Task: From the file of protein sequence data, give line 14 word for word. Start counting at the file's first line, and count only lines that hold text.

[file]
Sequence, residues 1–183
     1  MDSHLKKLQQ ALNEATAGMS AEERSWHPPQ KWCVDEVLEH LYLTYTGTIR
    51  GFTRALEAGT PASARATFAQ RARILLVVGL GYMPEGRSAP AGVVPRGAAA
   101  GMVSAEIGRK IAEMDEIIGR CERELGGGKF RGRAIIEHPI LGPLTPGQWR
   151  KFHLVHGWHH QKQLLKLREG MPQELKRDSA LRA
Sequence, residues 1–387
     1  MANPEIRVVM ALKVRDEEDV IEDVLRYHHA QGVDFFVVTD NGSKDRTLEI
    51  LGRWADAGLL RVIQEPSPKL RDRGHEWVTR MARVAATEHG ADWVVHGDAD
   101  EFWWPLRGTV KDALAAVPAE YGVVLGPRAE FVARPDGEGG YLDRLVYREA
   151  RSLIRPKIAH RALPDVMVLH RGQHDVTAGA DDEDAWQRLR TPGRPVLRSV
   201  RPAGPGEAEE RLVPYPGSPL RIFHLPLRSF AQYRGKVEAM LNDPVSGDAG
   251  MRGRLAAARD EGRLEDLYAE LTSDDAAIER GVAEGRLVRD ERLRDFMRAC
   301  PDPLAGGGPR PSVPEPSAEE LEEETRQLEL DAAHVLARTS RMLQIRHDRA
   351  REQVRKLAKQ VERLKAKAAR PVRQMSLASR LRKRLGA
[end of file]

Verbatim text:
   351  REQVRKLAKQ VERLKAKAAR PVRQMSLASR LRKRLGA